How I Participate Shy Student In Class?


Every class is a heterogeneous group of students where no 2 are the same. Thus, for a teacher, it is important to ensure that every student is on the same page when it comes to learning. So, how a teacher should handle shy students in the classroom?

In the case of extrovert students, it is easy to know their understanding level but when it comes to shy students, gauging their reaction can be a daunting task. Since they’re hesitant in speaking out loud in the class, extra attention must be paid to such kids so that you don’t lose out on anything important they would’ve wanted to communicate.

How I tackled with shy students in my classroom

1. Involve them more in class

For a teacher, it is easy to misunderstand the quiet students as weak in studies or uninterested in the subject, but this is where we go wrong. There are high chances that the student is unable to speak due to a lack of confidence or any other reason.

But they might do so if given a chance in the class. So, make sure to ask questions during the class to these specific people to make sure they’re in the class and not missing out on something important.

2. Giving them responsibilities

Teachers can also try to give these students some extra set of responsibilities so it gives them a feeling of belongingness and they participate more in the class. Asking them to present a topic first to explain to the class or solve a question on the board can make them come out of their shell.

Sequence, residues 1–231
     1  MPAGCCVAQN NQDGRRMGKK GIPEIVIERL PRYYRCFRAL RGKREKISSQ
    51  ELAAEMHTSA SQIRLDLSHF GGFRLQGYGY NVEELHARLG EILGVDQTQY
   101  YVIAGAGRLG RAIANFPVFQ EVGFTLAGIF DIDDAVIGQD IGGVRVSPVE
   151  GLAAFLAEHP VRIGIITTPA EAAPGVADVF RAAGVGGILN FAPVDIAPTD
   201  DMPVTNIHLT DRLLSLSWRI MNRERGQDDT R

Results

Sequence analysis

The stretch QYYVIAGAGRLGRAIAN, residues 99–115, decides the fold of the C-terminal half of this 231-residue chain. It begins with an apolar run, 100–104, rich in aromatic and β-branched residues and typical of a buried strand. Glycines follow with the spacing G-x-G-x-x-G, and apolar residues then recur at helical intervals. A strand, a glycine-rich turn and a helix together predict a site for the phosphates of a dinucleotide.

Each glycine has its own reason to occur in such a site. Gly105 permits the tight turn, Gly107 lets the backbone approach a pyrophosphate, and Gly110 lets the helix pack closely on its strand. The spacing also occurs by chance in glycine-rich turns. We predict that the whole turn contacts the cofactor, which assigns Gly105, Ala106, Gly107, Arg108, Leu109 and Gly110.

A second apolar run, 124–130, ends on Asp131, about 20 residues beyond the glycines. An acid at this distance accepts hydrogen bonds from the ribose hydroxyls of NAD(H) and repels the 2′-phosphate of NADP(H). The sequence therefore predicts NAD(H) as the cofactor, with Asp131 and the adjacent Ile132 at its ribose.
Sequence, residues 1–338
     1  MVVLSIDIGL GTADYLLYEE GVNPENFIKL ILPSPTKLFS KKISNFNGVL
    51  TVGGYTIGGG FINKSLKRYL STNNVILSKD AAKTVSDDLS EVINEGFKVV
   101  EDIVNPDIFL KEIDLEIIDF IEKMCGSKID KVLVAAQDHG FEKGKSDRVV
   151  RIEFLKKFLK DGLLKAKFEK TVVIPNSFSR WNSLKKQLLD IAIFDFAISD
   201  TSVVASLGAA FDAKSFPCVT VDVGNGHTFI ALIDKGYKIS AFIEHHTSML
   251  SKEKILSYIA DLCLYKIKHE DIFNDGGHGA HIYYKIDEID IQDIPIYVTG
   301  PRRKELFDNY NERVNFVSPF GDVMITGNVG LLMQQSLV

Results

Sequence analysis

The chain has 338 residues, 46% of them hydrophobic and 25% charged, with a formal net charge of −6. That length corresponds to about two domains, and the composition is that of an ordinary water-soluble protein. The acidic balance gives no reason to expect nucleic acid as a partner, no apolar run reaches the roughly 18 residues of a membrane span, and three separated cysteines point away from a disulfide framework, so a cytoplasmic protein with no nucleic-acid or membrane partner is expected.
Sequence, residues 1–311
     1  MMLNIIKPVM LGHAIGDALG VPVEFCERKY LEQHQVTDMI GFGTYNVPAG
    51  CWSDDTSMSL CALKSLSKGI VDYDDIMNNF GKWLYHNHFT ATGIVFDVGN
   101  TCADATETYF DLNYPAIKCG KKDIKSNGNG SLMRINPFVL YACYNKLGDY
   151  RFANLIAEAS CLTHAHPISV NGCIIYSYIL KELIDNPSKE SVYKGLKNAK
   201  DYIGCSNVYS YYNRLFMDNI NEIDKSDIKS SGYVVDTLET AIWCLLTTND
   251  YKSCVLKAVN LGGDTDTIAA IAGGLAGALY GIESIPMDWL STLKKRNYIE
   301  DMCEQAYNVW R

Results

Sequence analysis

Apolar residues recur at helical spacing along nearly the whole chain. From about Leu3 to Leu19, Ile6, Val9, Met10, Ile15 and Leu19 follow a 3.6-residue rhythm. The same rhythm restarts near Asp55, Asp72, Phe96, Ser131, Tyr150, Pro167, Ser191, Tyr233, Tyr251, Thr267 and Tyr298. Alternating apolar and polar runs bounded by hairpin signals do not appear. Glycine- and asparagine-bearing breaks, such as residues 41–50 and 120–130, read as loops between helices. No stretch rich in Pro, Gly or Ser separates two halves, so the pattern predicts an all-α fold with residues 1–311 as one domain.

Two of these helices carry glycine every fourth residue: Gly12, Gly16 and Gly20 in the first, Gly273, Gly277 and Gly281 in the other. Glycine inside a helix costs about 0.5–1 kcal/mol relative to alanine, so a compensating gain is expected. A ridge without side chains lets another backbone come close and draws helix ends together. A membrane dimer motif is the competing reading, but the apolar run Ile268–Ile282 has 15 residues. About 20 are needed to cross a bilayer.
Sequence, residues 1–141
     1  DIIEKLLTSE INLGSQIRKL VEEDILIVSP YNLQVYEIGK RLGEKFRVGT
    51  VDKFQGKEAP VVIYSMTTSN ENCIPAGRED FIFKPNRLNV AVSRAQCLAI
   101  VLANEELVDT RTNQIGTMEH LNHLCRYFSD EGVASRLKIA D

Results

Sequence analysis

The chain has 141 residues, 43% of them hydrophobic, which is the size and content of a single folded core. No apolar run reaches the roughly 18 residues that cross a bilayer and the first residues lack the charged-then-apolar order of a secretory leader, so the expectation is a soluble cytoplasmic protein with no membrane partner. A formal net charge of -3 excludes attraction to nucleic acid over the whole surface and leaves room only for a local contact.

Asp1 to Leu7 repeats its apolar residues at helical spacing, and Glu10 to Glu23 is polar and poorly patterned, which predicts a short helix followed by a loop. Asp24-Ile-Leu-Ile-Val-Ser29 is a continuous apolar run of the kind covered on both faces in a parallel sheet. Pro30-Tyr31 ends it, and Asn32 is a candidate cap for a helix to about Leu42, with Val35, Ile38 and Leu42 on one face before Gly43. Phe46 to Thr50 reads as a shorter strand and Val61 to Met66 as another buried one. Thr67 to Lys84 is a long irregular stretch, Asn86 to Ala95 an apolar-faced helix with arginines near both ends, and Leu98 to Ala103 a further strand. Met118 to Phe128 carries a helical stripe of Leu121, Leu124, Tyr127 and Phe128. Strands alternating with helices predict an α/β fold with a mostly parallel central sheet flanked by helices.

3. Grouping them with extrovert students

This method works to a great extent in my class. Whenever I find a child who is struggling to communicate in the class, I make them sit with talkative students so that they can be influenced by them and imbibe some of their habits.

Even if the students do not feel difficult to talk during the class, they at least start talking to their partners which is a job half done.

4. Personal Counselling

I prefer talking to shy students personally as there are a lot of things that affect their behavior. Thus, every once in a while, I ask them to share their day with me, what bothers them, what motivates them and other things like that.

The most important part of this method is to talk to them like their friend and not as a teacher. It might take some time to break that barrier and bring them to ease but once the channel is clear, they’ll express like never before. Sometimes, a lot of things back at home also bother them which impacts their participation in the class.

It is also a good practice to keep in touch with the parents of such students and make sure that you both are on the same page and are aware of the child’s progress.

While none of these methods is a one-time solution as they require a lot of patience and consistency but are 100% effective.

I hope you find it useful!

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